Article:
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An excellent report from the New Yorker explaining the current socio-political climate of Russia:

Technically, the three women are prosecuted for hooliganism; a more appropriate definition of their offense would be contempt of high authority. The Pussy Riot’s “punk prayer” was blatantly disrespectful of both Putin and the patriarch of the Russian Orthodox Church. The secular and the clerical leaders share a sense of mutual loyalty. Each of them presides over a heavily centralized, hierarchical power realm; both are intolerant to those challenging their authority.

“The regime is demonstrating an attempt to evolve toward religious fundamentalism,” wrote Nikolai Svanidze, a prominent media figure. He referred to this trend as “a little bit of Iran” in Russia. Piety and faith for their own sake do not appear to be Putin’s concern, however. Instead, the government is drawing on the traditionalist and anti-western attitudes of the Russian Orthodox Church as a way of cracking down on the regime’s liberal opponents.


Meanwhile, several groups and artists have voiced their support for Pussy Riot. Like Franz Ferdinand and the Red Hot Chili Peppers:

“This is for the girls in Pussy Riot,” Franz Ferdinand’s Alex Kapranos told the crowd at Sunday’s Afisha Picnic, introducing the song This Fire. ”[It] is dedicated to all of those musicians that end up in jail for just saying what they think.” He expanded his remarks over Twitter, calling Vladimir Putin a “dangerous … hypocrite” for jailing critics while still claiming “to be a fan of John Lennon”.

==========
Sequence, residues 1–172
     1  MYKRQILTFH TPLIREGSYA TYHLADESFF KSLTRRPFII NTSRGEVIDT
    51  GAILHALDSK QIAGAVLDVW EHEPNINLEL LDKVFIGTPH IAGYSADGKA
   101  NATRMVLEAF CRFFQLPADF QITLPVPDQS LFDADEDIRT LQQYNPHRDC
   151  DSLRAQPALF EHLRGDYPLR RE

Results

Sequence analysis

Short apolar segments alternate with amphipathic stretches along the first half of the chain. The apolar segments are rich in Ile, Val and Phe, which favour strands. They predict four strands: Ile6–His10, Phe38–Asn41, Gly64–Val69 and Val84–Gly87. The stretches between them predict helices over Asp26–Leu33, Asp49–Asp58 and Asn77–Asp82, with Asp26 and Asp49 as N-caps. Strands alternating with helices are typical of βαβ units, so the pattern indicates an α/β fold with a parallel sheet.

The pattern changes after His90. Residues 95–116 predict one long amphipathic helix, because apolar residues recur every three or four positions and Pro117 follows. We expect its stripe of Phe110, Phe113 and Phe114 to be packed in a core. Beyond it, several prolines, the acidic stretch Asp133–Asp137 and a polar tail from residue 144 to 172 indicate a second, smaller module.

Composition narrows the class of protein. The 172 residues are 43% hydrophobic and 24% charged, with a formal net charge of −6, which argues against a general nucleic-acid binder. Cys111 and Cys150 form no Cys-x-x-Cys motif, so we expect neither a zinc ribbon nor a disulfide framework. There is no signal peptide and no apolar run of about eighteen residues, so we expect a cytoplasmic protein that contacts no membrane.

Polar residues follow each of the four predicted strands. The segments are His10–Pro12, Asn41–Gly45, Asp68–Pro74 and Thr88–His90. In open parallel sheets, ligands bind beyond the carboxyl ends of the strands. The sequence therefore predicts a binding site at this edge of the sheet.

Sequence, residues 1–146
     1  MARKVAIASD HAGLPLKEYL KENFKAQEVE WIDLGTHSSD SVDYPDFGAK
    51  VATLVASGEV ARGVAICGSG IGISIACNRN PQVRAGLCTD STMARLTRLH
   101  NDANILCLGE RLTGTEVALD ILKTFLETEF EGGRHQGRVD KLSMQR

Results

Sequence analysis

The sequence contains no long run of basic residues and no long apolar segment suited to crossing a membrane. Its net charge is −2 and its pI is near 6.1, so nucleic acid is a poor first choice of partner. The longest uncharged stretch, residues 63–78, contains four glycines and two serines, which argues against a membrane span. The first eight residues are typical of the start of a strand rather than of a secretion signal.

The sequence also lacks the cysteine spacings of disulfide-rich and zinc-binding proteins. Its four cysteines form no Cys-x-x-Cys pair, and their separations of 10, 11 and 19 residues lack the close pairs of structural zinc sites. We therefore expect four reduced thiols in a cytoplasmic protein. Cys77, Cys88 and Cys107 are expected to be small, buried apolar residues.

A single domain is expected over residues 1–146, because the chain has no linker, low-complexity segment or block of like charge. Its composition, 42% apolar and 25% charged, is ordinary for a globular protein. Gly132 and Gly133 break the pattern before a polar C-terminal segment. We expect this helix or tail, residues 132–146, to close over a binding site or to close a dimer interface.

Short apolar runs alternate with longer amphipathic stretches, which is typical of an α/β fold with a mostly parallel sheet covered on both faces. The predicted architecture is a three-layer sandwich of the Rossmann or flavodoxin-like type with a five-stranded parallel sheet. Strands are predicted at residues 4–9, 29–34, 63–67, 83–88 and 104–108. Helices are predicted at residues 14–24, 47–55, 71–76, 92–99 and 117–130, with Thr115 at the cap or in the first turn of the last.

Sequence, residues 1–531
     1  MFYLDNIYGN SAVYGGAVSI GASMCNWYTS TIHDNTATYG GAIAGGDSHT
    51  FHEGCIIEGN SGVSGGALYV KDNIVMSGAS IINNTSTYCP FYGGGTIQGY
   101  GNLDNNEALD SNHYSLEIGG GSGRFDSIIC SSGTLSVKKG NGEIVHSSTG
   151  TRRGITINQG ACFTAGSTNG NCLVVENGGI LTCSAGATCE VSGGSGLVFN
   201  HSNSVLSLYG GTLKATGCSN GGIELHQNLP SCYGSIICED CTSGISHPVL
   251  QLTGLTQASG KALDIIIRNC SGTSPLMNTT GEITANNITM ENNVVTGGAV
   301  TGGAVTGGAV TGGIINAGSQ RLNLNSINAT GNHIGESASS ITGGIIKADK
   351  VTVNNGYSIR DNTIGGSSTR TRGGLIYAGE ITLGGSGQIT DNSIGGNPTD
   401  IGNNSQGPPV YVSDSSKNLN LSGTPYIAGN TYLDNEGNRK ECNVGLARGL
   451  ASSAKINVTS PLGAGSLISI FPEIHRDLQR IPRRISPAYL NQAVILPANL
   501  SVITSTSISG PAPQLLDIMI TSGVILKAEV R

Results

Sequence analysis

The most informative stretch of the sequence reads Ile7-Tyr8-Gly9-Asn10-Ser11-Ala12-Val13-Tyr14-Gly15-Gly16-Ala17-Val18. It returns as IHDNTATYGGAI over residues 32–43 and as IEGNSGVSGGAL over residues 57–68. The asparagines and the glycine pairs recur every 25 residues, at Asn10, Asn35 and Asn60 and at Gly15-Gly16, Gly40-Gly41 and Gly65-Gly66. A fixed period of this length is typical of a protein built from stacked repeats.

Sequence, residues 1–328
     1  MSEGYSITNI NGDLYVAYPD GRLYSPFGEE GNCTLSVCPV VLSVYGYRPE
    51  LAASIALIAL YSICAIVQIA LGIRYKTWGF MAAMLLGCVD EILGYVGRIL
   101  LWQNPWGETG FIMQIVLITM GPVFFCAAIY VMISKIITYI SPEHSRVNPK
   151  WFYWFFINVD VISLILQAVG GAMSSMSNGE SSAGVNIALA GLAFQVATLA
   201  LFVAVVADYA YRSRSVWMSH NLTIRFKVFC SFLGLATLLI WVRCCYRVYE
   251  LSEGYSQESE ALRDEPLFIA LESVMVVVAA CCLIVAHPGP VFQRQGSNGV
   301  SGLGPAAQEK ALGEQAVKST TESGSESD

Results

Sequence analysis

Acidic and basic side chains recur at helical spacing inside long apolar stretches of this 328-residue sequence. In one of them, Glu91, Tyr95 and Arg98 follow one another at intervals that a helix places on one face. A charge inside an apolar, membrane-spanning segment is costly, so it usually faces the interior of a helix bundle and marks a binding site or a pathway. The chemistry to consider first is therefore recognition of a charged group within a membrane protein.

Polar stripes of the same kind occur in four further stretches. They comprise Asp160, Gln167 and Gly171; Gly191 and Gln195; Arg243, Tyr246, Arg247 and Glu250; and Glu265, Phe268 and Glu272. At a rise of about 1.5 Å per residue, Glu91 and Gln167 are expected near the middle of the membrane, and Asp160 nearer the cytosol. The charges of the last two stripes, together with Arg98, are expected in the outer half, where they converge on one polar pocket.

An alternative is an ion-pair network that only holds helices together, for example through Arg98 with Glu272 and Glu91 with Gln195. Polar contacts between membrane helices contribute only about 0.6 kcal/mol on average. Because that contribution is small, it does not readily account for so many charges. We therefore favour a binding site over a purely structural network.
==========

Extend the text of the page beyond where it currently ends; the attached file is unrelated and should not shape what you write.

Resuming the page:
The Chili Peppers’ Anthony Kiedis and Flea also spoke out on Sunday, during their gig at Moscow’s Luzniky Stadium. Kiedis wore a Pussy Riot T-shirt, and both musicians presented letters to Pyotr Verzilov, Tolokonnikova’s husband. “Nadya and Katya and Masha, we love you, we love to support you and are here to help you,” Kiedis reportedly wrote. Flea hailed their “bravery”, adding, “I pray for your release.”

As well as Sting and Amnesty International:

The world-renowned musician Sting joins Amnesty International in condemning the Russian authorities’ treatment of Pussy Riot, a Russian punk rock protest band.

Last week, a court in Moscow ruled that three members of the female punk group Pussy Riot must remain in pre-trial custody for six more months after members of the group sang a protest song in Moscow’s main Orthodox church in February.

Said Sting:

“It’s appalling that the musicians from Pussy Riot could face prison sentences of up to seven years in jail. Dissent is a legitimate and essential right in any democracy and modern politicians must accept this fact with tolerance. A sense of proportion – and a sense of humor – is a sign of strength, not a sign of weakness. Surely the Russian authorities will completely drop these spurious charges and allow the women, these artists, to get back to their lives and to their children.”


Also, a Russian artist has sewn his mouth shut in solidarity with the punks:








Related:

Russian Punk Martyrs Pussy Riot Given Another Six Months Detention…




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